On December 22, 2017, The Tax Cuts and Jobs Act was signed into law. The information in this article predates the tax reform legislation and may not apply to tax returns starting in the 2018 tax year. You may wish to speak to your tax advisor about the latest tax law. This publication is provided for your convenience and does not constitute legal advice. This publication is protected by copyright.
Article Highlights:
Scammers disguise e-mails to look legitimate.
Legitimate businesses and the IRS never request sensitive personal and financial information by e-mail.
Don’t become a victim.
Stop – Think – Delete
You may think we harp a lot on protecting yourself against identity theft. You are right…because having your identity stolen becomes an absolute financial nightmare, sometimes taking years to straighten out. Identity thieves are clever, relentless, and always coming up with new schemes to trick you. And all you have to do is slip up just once to compromise your identity and your nightmare begins.

What they try to do is trick you into divulging your personal information such as bank account numbers, passwords, credit card numbers, or Social Security number.

One of the most popular methods these unscrupulous people use is requesting your personal information by e-mail. They are pretty good at making their e-mails look as if they came from a legitimate source such as the IRS, your credit card company, or your bank.

You need to be very careful when responding to e-mails asking you to update such things as your account information, pin number, or password. First and foremost, you should be aware that no legitimate company would make such a request by e-mail. If they do, they should be deleted and ignored just like spam e-mails.

We have seen bogus e-mails that looked like they were from the IRS, well-known banks, credit card companies, and other pseudo-legitimate enterprises. The intent is to trick you and have you click through to a website that also appears legitimate where they have you enter your secure information. Here are some examples:
E-mails that appeared to be from the IRS indicating you have a refund coming and they need information to process the refund. The IRS never initiates communication via e-mail! Right away, you should know that it is bogus. If you are concerned, please free to call this office.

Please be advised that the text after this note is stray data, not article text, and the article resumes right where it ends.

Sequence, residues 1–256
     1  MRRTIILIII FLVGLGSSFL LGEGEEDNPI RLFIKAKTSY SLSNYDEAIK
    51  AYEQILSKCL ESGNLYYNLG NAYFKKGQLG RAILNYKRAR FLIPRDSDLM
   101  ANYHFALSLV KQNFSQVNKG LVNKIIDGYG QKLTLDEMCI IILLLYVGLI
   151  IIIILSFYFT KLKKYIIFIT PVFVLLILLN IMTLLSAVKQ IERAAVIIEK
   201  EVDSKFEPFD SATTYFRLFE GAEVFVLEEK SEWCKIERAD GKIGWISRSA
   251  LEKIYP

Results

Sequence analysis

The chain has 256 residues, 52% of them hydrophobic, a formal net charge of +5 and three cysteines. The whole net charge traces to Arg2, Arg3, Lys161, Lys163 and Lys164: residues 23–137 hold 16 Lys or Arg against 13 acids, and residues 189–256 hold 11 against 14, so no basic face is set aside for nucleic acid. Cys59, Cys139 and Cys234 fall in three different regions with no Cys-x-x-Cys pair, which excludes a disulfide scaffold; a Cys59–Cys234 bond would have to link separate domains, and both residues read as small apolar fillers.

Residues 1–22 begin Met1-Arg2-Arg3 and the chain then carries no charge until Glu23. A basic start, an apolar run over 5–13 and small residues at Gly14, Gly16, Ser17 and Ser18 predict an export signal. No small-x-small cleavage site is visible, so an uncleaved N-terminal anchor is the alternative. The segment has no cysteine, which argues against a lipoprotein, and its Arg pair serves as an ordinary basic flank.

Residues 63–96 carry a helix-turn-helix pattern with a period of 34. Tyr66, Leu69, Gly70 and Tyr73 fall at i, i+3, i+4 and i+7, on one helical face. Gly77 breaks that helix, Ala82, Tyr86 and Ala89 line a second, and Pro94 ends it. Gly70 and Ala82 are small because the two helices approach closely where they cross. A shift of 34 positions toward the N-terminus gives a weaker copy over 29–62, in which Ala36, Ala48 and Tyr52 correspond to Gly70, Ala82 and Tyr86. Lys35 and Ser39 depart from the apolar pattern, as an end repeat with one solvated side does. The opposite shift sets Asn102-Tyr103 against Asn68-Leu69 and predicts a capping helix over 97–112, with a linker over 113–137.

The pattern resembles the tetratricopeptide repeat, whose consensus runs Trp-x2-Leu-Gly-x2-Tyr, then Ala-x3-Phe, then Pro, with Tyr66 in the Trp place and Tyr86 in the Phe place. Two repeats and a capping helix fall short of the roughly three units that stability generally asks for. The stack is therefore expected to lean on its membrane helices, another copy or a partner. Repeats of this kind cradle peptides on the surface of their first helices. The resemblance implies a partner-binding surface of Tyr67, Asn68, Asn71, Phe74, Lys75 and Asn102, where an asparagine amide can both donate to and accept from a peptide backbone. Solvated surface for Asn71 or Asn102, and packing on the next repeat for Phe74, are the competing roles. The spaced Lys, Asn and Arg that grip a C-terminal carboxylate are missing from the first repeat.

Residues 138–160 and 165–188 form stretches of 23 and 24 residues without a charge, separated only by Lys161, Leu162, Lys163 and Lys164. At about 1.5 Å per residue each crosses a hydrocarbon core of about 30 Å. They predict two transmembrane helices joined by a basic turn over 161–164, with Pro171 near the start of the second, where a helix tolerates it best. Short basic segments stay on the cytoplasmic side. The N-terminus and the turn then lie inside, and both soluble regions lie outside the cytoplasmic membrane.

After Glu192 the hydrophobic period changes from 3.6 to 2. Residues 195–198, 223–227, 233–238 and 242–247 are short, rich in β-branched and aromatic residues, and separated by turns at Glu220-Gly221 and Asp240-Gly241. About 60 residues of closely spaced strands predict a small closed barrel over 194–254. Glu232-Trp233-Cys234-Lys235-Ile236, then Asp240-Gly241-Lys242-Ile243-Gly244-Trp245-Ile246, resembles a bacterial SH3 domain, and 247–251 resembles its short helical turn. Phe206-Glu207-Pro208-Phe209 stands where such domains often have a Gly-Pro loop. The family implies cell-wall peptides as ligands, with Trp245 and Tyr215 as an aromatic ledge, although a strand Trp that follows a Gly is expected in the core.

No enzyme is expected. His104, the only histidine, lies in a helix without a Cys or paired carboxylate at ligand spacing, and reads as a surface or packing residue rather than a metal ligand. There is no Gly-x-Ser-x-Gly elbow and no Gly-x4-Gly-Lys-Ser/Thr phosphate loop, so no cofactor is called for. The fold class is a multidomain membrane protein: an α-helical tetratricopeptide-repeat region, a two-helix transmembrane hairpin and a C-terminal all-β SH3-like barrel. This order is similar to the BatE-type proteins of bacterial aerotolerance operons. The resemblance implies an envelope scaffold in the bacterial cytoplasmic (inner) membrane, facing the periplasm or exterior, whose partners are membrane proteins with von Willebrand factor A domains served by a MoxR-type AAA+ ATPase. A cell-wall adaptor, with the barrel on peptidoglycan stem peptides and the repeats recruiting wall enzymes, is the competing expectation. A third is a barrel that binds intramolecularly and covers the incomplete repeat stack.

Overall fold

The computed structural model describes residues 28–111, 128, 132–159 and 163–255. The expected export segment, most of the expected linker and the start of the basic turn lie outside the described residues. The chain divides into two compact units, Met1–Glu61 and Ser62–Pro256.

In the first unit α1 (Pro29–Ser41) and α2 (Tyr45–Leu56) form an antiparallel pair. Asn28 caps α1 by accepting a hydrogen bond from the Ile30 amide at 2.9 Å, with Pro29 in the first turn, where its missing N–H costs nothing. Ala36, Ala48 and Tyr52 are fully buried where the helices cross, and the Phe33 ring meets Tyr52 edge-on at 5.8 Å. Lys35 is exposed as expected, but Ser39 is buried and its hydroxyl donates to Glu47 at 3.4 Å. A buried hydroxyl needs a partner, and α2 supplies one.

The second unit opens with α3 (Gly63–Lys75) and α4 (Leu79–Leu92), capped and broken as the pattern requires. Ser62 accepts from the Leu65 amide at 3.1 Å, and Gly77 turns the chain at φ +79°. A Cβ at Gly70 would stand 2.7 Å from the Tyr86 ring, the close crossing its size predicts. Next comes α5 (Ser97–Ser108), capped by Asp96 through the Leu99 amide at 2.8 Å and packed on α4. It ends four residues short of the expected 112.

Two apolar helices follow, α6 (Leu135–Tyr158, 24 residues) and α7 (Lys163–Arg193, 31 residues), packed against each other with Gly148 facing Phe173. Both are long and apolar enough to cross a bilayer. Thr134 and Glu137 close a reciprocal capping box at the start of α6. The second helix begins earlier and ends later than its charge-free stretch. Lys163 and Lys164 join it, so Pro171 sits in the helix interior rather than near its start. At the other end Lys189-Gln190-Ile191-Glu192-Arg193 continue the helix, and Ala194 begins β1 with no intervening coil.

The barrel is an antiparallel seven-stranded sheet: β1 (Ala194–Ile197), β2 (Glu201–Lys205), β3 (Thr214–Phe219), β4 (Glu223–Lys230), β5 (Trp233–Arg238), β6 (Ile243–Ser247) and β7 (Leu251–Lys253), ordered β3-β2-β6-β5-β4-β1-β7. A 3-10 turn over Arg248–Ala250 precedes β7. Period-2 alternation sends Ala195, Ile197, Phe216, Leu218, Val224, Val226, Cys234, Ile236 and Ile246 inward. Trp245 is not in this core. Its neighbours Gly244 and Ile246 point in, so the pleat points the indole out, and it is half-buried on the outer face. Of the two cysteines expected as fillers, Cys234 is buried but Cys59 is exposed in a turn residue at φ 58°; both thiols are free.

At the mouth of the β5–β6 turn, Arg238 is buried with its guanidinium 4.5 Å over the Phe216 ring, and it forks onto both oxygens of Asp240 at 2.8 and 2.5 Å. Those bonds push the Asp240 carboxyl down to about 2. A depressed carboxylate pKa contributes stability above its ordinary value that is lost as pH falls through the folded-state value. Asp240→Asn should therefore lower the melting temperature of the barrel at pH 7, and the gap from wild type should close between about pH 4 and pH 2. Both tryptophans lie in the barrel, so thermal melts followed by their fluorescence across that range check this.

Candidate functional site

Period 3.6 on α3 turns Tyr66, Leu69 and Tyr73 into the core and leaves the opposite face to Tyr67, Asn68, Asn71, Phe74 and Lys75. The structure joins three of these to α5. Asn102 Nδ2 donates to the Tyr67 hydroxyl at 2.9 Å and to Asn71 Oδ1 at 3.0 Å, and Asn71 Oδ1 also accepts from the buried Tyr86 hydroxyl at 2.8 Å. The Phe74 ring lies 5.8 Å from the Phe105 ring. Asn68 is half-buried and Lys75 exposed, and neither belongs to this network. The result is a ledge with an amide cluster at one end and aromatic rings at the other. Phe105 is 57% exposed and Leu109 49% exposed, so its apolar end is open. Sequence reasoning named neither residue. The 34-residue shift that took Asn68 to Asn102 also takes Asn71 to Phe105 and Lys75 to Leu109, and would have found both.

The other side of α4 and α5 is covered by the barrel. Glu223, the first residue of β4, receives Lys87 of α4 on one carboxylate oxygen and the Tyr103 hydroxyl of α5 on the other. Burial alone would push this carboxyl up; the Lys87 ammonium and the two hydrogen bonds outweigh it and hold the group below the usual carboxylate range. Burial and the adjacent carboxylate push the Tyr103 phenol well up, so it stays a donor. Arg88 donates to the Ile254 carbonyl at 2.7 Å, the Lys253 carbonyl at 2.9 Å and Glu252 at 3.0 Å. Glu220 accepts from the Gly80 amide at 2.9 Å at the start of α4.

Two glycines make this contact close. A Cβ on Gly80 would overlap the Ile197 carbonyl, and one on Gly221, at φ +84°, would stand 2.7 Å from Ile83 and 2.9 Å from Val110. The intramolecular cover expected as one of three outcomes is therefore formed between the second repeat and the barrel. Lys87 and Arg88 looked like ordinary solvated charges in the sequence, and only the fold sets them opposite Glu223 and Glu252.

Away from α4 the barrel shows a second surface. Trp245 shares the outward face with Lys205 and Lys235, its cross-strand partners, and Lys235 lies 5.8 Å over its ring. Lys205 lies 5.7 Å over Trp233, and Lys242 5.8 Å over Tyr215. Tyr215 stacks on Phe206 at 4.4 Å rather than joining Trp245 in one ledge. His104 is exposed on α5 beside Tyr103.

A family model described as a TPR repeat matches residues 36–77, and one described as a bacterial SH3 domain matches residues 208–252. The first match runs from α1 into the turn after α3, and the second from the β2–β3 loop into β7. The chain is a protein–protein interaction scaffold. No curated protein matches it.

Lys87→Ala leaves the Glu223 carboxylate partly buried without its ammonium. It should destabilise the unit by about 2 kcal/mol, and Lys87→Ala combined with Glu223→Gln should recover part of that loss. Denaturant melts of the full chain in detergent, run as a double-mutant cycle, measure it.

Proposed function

E-mails from a bank indicating they are holding a wire transfer and need your bank routing information and account number. Don’t respond; if in doubt, call your bank.

E-mails saying you have a foreign inheritance and they need your bank info so they can wire the funds. The funds that will get wired are yours going the other way. Remember, if it seems too good to be true, it generally is.
We could go on and on with examples. The key here is for you to be highly suspect of any e-mail requesting personal or financial information. A good rule of thumb is to: STOP – THINK – DELETE.

If you receive something from the IRS or your state taxing agency and feel uncomfortable ignoring it, call this office to check so you don’t need to worry. The IRS just published the 2014 “Dirty Dozen Tax Scams” which details current scams. However, the perpetrators of those scams are not the only ones trying to steal your financial information, so always be vigilant.

Your life can become a nightmare if your identity is stolen. Identity thieves will even file tax returns under your Social Security number claiming huge refunds and leaving you with a horrendous mess to clean up with the IRS. Don’t be a victim. Please call this office if you believe your tax ID has been compromised.

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